Diabetic Popcorn Crunch

Diabetic Popcorn Crunch

Spray a large baking pan with nonstick spray. Set aside. Preheat oven to 375°F. Remove and discard unpopped kernels from popcorn and set aside. In a small saucepan, combine sugar, molasses, water and stir to mix well. Cook over medium heat stirring with a wooden spoon until it comes to a full boil. Boil stirring constantly for 1 minute. Remove from heat. With a wooden spoon, stir in vanilla. Mix well. Very slowly drizzle syrup over the popcorn, stirring well to coat evenly (keep fingers away from hot syrup). Spread popcorn evenly in the pan. Bake on centre oven rack 5-6 mins until popcorn begins to crisp slightly. Remove from oven and stir. Let cool. Syrup will harden and popcorn will crisp further as it cools. When cool store in a sealed plastic bag or airtight container for 2-3 days (if it lasts that long!). EXCHANGE: 1 carbohydrate. Continue reading >>

Chili-lime Popcorn

Chili-lime Popcorn

Instead of dousing popcorn in butter, give plain kernels heat and zing by sprinkling them with chili powder and lime zest. The snack will be just as tasty but lower in calories -- and cholesterol-free. Source: Martha Stewart Living, September 2005 Ingredients Directions You’ll never call water boring again. Continue reading >>

Skinny Sugar Free Kettle Corn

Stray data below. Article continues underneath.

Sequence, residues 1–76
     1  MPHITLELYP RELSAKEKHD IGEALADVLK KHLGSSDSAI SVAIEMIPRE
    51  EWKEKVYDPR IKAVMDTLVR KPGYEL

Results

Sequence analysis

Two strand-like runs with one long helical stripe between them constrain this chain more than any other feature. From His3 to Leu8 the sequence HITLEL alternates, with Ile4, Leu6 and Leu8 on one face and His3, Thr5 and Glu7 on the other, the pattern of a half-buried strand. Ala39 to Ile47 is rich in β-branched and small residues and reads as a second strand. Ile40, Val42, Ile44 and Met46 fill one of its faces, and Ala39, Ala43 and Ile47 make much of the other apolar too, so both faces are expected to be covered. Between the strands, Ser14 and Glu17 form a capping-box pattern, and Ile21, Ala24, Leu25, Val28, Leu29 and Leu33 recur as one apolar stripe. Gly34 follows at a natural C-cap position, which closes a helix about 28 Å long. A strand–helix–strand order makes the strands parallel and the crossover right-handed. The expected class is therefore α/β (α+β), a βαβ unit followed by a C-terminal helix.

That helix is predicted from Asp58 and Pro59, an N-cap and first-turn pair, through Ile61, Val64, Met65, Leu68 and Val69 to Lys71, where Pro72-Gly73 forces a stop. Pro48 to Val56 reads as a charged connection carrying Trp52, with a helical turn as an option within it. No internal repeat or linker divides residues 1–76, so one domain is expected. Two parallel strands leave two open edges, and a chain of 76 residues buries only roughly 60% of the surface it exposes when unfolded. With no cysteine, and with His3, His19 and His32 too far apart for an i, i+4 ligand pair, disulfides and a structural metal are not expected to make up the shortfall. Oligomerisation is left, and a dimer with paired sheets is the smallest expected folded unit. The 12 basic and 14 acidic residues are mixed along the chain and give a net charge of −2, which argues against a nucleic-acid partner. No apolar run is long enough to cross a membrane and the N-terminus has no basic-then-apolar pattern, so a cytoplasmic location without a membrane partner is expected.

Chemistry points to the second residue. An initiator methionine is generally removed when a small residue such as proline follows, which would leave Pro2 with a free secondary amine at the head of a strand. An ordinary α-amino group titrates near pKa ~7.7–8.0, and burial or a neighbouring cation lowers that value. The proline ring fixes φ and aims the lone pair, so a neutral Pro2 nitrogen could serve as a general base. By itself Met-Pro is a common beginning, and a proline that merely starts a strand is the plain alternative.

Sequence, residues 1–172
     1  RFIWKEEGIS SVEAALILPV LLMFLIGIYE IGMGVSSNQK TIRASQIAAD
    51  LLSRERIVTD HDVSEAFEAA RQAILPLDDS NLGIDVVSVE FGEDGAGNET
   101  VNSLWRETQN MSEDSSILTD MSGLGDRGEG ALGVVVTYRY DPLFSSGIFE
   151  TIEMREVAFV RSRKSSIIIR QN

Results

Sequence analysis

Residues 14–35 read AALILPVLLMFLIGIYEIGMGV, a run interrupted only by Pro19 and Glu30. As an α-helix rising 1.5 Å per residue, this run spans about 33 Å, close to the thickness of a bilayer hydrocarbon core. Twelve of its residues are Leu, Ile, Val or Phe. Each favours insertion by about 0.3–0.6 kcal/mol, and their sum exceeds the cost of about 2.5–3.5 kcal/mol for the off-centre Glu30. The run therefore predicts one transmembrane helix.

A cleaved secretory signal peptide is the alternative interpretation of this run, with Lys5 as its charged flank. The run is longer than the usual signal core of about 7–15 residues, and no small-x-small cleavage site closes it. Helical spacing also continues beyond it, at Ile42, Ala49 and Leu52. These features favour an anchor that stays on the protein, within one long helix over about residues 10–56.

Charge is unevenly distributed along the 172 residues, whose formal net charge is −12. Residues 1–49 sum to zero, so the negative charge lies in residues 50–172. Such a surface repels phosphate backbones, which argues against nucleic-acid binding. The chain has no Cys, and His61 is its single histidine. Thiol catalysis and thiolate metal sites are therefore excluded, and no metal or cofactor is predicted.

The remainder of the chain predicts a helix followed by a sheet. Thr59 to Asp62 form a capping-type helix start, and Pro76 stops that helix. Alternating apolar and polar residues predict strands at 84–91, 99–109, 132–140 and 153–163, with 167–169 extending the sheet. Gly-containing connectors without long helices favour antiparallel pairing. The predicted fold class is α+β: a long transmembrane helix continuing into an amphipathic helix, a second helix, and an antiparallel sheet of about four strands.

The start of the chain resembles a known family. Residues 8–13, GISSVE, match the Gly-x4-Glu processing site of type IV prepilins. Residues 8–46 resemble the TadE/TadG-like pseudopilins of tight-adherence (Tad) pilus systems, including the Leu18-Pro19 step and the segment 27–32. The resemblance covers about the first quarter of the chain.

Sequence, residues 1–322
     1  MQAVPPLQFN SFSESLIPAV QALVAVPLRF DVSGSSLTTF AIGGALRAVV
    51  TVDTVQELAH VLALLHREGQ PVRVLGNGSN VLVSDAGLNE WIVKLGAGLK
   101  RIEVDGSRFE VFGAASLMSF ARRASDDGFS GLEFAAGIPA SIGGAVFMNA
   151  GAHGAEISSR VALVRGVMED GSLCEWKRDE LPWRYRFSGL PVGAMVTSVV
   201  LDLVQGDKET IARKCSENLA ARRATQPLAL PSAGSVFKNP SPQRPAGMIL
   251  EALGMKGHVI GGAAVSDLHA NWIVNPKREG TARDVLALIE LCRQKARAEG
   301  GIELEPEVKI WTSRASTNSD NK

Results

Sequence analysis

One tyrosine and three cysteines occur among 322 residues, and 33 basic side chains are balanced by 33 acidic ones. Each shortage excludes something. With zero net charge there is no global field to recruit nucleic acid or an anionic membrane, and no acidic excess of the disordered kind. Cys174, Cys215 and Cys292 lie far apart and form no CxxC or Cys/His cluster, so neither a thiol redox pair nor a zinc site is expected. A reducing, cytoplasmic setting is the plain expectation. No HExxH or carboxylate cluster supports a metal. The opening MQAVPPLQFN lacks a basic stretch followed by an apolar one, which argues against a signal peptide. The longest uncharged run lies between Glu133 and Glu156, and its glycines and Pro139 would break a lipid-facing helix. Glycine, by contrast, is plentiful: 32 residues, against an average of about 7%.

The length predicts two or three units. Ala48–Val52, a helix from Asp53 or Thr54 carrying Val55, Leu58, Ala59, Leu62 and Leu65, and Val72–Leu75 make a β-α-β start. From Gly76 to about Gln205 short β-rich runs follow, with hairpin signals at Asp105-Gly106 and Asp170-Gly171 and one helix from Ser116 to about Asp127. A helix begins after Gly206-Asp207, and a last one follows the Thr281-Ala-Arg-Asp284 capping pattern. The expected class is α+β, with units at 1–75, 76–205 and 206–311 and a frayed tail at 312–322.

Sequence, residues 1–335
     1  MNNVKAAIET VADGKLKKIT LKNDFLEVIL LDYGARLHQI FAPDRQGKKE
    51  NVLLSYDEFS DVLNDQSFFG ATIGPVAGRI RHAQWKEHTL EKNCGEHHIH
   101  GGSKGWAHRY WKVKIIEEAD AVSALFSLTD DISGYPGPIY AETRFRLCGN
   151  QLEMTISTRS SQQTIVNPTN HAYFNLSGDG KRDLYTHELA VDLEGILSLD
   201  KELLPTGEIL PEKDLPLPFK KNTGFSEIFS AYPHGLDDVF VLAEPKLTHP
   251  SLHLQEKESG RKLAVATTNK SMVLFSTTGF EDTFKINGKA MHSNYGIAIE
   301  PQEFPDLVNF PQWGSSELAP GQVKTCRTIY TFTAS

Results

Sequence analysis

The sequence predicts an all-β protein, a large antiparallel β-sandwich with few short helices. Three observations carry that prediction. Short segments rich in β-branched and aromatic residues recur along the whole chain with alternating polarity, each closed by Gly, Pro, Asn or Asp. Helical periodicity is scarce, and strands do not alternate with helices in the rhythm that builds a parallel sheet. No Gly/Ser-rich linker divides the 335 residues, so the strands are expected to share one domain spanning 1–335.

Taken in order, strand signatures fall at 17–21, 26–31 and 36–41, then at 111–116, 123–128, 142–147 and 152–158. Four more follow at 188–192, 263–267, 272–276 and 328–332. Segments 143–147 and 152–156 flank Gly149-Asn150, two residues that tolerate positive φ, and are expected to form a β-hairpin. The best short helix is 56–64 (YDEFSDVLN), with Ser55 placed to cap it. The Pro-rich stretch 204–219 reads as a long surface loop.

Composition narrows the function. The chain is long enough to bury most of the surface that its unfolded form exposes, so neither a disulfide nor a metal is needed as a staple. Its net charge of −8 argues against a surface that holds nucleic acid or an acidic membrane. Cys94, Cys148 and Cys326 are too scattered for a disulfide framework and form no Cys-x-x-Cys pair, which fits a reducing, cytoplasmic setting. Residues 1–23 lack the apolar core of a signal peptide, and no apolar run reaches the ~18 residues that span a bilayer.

Skinny Sugar Free Kettle Corn

This post may contain affiliate links. For more information, read my disclosure policy. Have I tempted you enough with peanut butter and carbs this week? In case you’re mad at me for those recipes, this one is a little better for you: Skinny Sugar Free Kettle Corn. Just a few easy ingredients and it’s the perfect lower calorie snack! Snacks derail my healthy eating. Am I the only one? I’m good at breakfast, I eat healthy after my workout, and I get a good lunch. Then I do one of two things: 1. I skip my afternoon snack because I’m too busy or not very hungry, but by dinner I’m ready to eat my arm so I eat two helpings and then a plate of cookies. Or, 2. When it comes to snack time pretzels or a handful of almonds doesn’t sound good, so I eat a bag of Chex Mix. Neither of those two options is very helpful when I’m counting calories. This Sugar-Free Kettle Corn? Luckily, it is very helpful. Healthier, lower calorie snack? Check. Kills my sweet tooth? Check. This recipe is so good, and so easy, it’s almost not even a recipe. But often non-recipes are the best kinds. Like I said, this recipe is so easy it’s almost not even a recipe. How did I make my popcorn skinny and sugar-free? Well, it’s cheater kettle corn. There’s no cooking involved, unless you count popping corn as cooking. You simply sprinkle popcorn with Splenda. Then it tastes sweet and salty, like the real deal. Amazing, right?? I know some people out there are anti-Splenda. Let’s just put this out there: I’m not. I use a packet in my coffee every day. So…I’m pro-sweetener, and Splenda is the only one I’ve tasted that, when used lightly, doesn’t make me taste chemicals. But you can use your favorite brand if you prefer a different one. Let’s talk popcorn for a minute. You have Continue reading >>

Caramel Popcorn

Caramel Popcorn

Toss popped popcorn in a vanilla brown sugar syrup, then bake for a quick-and-easy sweet snack or gift. Preparation Serving size: 1 cup Per serving: 105 calories; 4 g fat(1 g sat); 1 g fiber; 19 g carbohydrates; 1 g protein; 0 mcg folate; 0 mg cholesterol; 14 g sugars; 182 IU vitamin A; 0 mg vitamin C; 12 mg calcium; 0 mg iron; 139 mg sodium; 32 mg potassium Carbohydrate Servings: 1½ Exchanges: 1 other carb, ½ fat ADVERTISEMENT ADVERTISEMENT ADVERTISEMENT Continue reading >>

Homemade Popcorn Balls Recipe

Homemade Popcorn Balls Recipe